This was the third year my library held its annual Halloween Runway Party (see last year). By far one of the most popular family events, it was created by my director as a way to have Halloween fun without the competition – every child is a star. Each child is announced by name and costume, then they walk down the orange carpet to background music while their families take pictures.
Last year, I expanded the event to include activities in addition to the runway. This year, I expanded the number of activities significantly. We did not have any comic books from Halloween ComicFest, but that was because September and October were insanely busy months for both myself and the director, and we never put in the order for the comics.
Poke-a-Pumpkin – My mislabeled station was popular last year, and was popular again this year. I put small, inexpensive treats in each cup – beaded bat necklaces, bat rings, squishy eyeballs, Halloween tattoos, etc… A single layer of tissue paper was rubber banded over each cup to hide the prizes. To get to the prizes, you jab your finger through the tissue paper.
Pumpkin Guts (from Stir the Wonder) – A station intended for littlest children, but all of the children present spent some time squishing guts around.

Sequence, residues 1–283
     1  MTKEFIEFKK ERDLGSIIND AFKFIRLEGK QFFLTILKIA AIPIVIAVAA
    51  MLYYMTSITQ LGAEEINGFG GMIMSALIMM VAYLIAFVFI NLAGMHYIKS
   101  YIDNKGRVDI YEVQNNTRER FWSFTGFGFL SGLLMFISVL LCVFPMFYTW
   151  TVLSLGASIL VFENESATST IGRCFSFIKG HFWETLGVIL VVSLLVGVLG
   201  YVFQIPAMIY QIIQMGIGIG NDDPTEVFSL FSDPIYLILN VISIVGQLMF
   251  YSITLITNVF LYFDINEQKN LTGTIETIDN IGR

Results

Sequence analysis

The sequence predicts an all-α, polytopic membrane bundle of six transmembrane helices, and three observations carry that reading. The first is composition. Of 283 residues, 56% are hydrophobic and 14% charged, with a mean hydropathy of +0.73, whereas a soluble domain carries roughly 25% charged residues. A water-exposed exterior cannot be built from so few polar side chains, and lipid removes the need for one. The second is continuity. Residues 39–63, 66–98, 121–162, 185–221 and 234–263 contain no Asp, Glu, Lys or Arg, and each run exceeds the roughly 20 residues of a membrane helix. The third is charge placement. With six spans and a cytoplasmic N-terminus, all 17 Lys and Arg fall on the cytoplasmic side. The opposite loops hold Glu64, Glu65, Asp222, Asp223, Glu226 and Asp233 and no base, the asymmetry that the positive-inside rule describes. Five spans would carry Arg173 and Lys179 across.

Paint Mix Pumpkins (from Sunflower Storytime) – I used this as an activity at a storytime, and thought it would be good to use again since several attendees were under the age of 2. I learned from previous experience that duct tape over the top of the baggie is a must – enthusiastic smooshing can cause paint to leak out.
Squawking Pumpkins (from Miss Mancy – website not working ) – I did a non-Halloween version of these with my Girl Scout troop last year, and they loved them. When I came across a version that turned them into jack o’lanterns, I knew I had to do them at my library. A volunteer prepped them by stringing the yarn and paper clip so all the children had to do was decorate it and play with it. I highly recommend using a drill to make the holes in the base of the cups.
The basic directions: tie a piece of cotton yarn to a large paper clip; put the string through the hole; hold the cup in one hand, and with the other hand wrap a wet (not sodden) paper towel around the string and pull down. An annoying squawking noise is made by the wet paper towel/string and amplified by the cup. Physics at its funnest.
Egg Carton Pumpkins – I know variations of this are floating around the internet, but I got the idea from a craft I did with my Daisy Girl Scouts. We made Girl Scout Promise bugs from blue-spray painted egg cartons. It was easy enough to translate the idea into pumpkins.
Candy Corn Puff Paint (from Growing a Jeweled Rose) – I’ve used shaving cream/glue paint multiple times during storytime, and it has always been a hit. I had a bunch of leftover candy corn coloring pages from last year, and decided to reuse them.
Pool Noodle Pumpkin Stamps (from Toddler Approved) – a popular, and messy, station.